inhabitants of the State, shall be formed into upon the House of Representatives :
Mr. BARTLETT, of Boston. I concur enmany Representative Districts, as will be equal to the number remaining after deducting from one
tirely in the views expressed by the gentleman Resolved, That the Constitution be so amended hundred and fifty, the number of Representatives
from Bridgewater, (Mr IIale.) I wish the mover as that the House of Representatives shall consist assigned to the towns and cities, each of which of this order was present that he might give, if of one hundred and fifty members, apportioned contain more than a one hundred and fiftieth part possible, some good reason for departing from the
TOWN OF BERLIN, &c. - FROTHINGHAM - BARTLETT – WILKINS — WILSON.
Vacancy in the Boston Delegation. Mr. WILKINS, of Boston. It is well known to many of the Boston delegation, that there is at least one vacancy in that delegation. The Hon. Henry B. Rogers, on account of ill health has sailed for Europe. I am somewhat in doubt as to whether this Convention can take any action in regard to that matter or not; but I deem it a proper subject for inquiry before a committee. I therefore ask leave to submit the following:
Ordered, That the Committee on Elections be instructed to inquire if any vacancy or vacancies exist in the Boston delegation, and if any, to consider and report what measures it is proper to adopt in relation thereto.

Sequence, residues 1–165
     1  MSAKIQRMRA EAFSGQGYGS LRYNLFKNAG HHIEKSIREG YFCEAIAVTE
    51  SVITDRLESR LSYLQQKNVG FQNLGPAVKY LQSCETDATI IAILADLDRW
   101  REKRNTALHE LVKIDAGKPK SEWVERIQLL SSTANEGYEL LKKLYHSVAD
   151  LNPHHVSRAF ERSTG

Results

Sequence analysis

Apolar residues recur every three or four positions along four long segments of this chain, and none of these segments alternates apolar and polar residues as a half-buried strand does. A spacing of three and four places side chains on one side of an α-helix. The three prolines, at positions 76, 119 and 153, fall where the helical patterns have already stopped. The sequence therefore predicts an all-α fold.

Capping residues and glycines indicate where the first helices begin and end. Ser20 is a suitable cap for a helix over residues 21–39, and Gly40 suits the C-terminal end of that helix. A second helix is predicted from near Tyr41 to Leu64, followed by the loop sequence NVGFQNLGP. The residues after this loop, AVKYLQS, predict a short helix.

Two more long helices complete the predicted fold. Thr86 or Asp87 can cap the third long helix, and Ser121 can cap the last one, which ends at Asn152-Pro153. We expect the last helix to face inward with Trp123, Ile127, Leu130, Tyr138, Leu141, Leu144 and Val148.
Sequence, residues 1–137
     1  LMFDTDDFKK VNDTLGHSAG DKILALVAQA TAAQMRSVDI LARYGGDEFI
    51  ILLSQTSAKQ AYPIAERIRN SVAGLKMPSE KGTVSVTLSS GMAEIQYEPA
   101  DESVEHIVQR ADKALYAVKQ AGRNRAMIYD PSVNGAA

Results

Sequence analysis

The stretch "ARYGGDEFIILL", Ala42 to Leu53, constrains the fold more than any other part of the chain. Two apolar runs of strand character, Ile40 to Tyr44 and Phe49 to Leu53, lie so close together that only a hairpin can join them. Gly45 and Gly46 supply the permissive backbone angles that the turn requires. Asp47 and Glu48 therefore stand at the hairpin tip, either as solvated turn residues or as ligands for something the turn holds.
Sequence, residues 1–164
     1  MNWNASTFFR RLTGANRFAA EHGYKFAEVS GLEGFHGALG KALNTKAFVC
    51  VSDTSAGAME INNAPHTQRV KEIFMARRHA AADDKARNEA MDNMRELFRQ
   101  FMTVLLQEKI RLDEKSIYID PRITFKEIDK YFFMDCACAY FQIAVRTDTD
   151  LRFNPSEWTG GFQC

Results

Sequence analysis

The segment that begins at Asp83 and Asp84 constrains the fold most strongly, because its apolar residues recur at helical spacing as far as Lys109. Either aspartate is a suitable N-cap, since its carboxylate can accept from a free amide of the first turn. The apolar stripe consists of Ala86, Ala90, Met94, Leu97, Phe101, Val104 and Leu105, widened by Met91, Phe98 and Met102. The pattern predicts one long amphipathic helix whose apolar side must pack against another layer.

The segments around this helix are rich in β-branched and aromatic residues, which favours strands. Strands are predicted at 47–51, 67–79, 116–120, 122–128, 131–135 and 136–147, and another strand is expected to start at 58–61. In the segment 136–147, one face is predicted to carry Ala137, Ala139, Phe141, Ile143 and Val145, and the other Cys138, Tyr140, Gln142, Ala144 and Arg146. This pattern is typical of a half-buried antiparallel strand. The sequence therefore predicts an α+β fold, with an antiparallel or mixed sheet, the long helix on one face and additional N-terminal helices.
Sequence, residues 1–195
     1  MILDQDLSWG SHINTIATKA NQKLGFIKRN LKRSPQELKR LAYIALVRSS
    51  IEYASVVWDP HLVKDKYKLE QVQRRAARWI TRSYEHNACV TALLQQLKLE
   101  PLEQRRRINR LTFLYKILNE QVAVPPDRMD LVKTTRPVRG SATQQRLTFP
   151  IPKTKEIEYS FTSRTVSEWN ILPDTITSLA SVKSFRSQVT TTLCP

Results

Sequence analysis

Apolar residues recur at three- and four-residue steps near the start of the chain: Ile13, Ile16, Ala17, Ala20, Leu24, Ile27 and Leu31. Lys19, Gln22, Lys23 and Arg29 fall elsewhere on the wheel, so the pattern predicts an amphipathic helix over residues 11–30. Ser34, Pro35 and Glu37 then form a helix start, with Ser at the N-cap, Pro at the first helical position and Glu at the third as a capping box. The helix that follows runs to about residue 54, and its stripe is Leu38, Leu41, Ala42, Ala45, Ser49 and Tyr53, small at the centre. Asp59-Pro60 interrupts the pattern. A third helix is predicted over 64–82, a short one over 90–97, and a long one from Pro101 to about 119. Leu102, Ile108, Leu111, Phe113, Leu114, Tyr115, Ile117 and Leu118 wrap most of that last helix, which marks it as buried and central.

The order was then considered by unanimous consent and agreed to.
course determined on by the Convention yesterday. I supposed the action of the Convention had settled this matter. There exists in the towns of this Commonwealth, by virtue of the Act under which we are assembled, a right to be represented in this body. The town of Berlin has attempted to exercise that right and failed to fulfil their wishes in that respect by an occurrence of such a character as this body has deemed a proper ground for giving them notice of that fact. Nothing remains for us to do but to notify that town of the vacancy caused by the resignation of its delegate, and they can then proceed again to exercise their right to elect a delegate.